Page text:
This Canada Day, WAHC presents the painting ‘Oh, Canada’ by artist Tia Cavanagh to share a critical Indigenous perspective on a day many settler Canadians celebrate. In lieu of the celebratory, we join with others to reflect on the violence of settler colonialism and the struggle for Indigenous sovereignty. Here Tia reinterprets the Canadian flag to generously offer us insight into the formation of Canada. She directly and powerfully implicates John A. MacDonald in the implementation of the Residential School system to question who we memorialize in bronze and to challenge the dominant narrative surrounding Canada’s formation.
Here’s what Tia says about her work:
“My work, Oh Canada (2017), sits at 5’x10’ and is a reinterpretation of the Canadian flag. John A. Macdonald’s head is positioned in the middle where a maple leaf would be. My intention is to challenge nationalism by highlighting the Indian Act and the legacy and impact of Residential Schools. Macdonald’s face is recognizable; many schools in Canada are named after him, he is on a 10-dollar bill, there are statues of him in so many cities across Canada–and this country glorifies him. I want to illustrate history differently and, in this work, I’m referencing generational trauma, systemic racism, and continued colonization to provide an authentic narrative to the creation of Canada. The red panels of this painting are created with the action of applying paint thinner to achieve texture. The action of removing pigment with paint thinner relates to the process of assimilation and theft of Indigenous culture, language and autonomy. The red panels represent the treatment of Indigenous bodies and land and so the texture I have achieved is visually visceral. Behind MacDonald’s head there lies imagery of residential schools. The stark contrast between the head and the background illustrate the abrasive, harmful, and non-consensual nature in which policy was enacted.”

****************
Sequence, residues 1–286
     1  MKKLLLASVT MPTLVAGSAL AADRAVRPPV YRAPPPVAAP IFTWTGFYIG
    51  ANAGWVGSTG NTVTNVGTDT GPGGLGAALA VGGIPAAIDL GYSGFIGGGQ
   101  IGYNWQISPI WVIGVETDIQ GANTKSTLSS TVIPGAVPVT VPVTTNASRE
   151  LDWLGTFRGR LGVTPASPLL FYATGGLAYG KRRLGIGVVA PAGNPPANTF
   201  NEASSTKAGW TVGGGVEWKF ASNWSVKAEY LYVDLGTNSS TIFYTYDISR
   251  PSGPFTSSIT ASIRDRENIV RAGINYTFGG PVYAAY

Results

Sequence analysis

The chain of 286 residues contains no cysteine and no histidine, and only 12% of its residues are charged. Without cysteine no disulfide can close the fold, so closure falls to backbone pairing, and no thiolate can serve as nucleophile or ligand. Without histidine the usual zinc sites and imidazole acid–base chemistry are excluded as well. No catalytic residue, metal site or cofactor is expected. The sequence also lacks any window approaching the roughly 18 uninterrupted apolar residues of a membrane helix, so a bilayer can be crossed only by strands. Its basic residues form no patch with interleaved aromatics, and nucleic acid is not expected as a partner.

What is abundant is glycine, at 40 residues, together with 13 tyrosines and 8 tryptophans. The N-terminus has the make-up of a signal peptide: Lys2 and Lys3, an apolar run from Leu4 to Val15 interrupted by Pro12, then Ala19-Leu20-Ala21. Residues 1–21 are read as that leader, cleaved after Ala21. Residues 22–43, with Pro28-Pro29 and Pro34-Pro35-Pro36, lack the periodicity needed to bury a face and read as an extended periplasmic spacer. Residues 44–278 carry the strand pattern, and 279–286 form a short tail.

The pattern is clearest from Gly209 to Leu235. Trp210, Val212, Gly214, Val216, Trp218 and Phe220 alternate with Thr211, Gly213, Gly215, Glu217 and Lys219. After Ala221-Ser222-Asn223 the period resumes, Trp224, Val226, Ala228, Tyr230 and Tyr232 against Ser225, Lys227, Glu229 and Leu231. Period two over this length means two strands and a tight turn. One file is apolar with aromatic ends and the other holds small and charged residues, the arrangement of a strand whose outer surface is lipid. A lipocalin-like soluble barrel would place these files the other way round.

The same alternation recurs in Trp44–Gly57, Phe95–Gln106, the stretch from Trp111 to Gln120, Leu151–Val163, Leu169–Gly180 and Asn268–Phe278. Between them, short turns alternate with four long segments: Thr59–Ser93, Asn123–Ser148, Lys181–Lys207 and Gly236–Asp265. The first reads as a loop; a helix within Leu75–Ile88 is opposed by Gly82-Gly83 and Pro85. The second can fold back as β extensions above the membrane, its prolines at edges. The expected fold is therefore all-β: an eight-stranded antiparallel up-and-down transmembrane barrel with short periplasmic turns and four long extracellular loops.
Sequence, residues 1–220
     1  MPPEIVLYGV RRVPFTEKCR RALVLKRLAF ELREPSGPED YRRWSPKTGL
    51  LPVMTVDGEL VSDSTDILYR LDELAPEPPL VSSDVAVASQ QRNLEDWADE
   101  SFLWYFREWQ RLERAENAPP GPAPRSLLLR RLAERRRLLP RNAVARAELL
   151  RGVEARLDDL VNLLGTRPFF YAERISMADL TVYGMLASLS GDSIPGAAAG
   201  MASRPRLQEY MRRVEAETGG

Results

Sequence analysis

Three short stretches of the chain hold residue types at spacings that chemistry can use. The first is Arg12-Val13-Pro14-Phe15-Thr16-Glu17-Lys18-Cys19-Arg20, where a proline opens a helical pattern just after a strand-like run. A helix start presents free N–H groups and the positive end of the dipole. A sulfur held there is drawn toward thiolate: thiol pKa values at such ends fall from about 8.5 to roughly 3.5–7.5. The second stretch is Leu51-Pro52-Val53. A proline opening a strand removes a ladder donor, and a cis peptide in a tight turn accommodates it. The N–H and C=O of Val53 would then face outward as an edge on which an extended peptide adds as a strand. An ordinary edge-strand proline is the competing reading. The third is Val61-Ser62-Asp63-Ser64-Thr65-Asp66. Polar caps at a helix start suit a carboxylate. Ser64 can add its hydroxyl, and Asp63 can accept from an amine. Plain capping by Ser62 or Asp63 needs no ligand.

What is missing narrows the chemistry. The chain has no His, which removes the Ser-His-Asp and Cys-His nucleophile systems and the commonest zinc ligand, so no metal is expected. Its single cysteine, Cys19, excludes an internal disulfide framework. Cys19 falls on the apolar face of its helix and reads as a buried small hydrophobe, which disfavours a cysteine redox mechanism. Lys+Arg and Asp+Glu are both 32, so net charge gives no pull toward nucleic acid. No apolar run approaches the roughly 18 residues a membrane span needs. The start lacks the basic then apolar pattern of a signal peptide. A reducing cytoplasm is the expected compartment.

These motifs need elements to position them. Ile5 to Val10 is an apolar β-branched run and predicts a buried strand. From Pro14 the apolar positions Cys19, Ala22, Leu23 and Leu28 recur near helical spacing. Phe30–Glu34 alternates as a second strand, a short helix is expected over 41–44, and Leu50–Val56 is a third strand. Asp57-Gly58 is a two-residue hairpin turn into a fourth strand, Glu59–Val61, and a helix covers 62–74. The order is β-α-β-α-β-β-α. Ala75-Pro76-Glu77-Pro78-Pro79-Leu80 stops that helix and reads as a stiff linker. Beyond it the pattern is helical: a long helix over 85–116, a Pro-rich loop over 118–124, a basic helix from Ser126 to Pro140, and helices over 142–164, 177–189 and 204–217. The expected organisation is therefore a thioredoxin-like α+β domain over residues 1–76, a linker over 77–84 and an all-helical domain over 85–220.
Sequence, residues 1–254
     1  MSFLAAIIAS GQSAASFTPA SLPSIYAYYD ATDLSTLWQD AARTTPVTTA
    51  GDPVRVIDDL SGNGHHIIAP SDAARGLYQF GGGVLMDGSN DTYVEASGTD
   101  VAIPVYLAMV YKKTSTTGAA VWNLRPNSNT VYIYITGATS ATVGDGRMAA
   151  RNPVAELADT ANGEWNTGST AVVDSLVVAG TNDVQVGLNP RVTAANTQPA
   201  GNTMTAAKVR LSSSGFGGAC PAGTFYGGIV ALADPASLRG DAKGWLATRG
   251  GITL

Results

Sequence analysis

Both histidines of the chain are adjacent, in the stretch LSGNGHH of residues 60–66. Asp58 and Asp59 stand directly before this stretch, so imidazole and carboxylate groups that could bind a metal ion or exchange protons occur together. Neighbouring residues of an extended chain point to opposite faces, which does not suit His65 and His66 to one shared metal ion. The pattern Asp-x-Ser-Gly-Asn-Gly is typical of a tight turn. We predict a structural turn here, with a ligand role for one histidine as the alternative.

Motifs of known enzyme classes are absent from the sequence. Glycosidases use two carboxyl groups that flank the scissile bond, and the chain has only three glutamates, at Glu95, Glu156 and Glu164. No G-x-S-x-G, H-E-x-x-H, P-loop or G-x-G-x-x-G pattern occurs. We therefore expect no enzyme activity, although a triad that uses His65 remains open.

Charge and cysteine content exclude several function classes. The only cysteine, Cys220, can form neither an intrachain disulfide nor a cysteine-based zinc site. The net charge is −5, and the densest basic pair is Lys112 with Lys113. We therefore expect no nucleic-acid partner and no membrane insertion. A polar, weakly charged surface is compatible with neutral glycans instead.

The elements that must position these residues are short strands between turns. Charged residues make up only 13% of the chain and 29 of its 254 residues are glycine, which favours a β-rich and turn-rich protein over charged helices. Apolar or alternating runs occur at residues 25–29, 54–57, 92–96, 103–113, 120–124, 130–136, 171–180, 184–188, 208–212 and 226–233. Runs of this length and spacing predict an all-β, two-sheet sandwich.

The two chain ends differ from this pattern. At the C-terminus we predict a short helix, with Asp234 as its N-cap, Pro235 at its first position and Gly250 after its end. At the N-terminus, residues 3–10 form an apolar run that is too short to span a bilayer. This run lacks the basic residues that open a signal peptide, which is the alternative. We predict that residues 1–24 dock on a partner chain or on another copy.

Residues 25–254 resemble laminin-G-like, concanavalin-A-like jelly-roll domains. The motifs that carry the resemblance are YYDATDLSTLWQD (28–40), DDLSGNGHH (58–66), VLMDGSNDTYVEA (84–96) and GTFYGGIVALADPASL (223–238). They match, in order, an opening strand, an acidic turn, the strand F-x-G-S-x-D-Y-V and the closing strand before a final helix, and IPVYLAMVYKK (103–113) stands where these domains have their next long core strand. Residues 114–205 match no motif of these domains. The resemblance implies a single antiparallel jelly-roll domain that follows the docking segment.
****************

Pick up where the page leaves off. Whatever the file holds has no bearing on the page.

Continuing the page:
To settlers, Tia offers the following call-to-action:
“With more and more unmarked graves of Indigenous children being found it is important to allow Indigenous peoples space to grieve and be outraged if they so choose. Rather than perpetrating a narrative of victimization on this Canada Day, let’s hold perpetrators of violence accountable, whether that be an individual, a neighbour or a body of power. Try to better understand Canada’s colonial history and do not stop until you understand systemic racism and oppression; because only then will you know it isn’t “just in the past”.
About the Artist:
Originally from the northern shores of Lake Huron in Ontario, Tia Cavanagh (Anishinaabekwe, Mukwa Dodem, Sagamok Nation) has lived and studied in Peterborough, Montreal and Toronto. Achieving her BFA at OCAD university she now studies at Trent University working on her Masters degree in Canadian and Indigenous Studies. Cavanagh is a multi-disciplinary artist using materials such as paint, wood, fabrics, sculpture and projection. For her, storytelling, process, discovery and new meaning are at the core of art making. With these aspects at the root, she continues to explore approaches and understanding through the creative lens of an Indigenous woman drawing upon Indigenous research methodologies.